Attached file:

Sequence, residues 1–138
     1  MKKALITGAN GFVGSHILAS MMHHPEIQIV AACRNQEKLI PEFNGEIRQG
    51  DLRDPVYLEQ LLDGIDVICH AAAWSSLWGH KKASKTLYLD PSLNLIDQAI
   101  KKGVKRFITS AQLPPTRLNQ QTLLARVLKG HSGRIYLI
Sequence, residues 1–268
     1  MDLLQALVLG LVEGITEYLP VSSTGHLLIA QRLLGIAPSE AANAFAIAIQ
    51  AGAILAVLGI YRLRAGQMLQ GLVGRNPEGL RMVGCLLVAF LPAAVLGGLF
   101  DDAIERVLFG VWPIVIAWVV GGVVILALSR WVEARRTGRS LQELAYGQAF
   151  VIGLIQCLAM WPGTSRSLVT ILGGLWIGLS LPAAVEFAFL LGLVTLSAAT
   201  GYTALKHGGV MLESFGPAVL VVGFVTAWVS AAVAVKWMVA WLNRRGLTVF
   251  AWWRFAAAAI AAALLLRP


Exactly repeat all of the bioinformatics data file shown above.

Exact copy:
Sequence, residues 1–138
     1  MKKALITGAN GFVGSHILAS MMHHPEIQIV AACRNQEKLI PEFNGEIRQG
    51  DLRDPVYLEQ LLDGIDVICH AAAWSSLWGH KKASKTLYLD PSLNLIDQAI
   101  KKGVKRFITS AQLPPTRLNQ QTLLARVLKG HSGRIYLI
Sequence, residues 1–268
     1  MDLLQALVLG LVEGITEYLP VSSTGHLLIA QRLLGIAPSE AANAFAIAIQ
    51  AGAILAVLGI YRLRAGQMLQ GLVGRNPEGL RMVGCLLVAF LPAAVLGGLF
   101  DDAIERVLFG VWPIVIAWVV GGVVILALSR WVEARRTGRS LQELAYGQAF
   151  VIGLIQCLAM WPGTSRSLVT ILGGLWIGLS LPAAVEFAFL LGLVTLSAAT
   201  GYTALKHGGV MLESFGPAVL VVGFVTAWVS AAVAVKWMVA WLNRRGLTVF
   251  AWWRFAAAAI AAALLLRP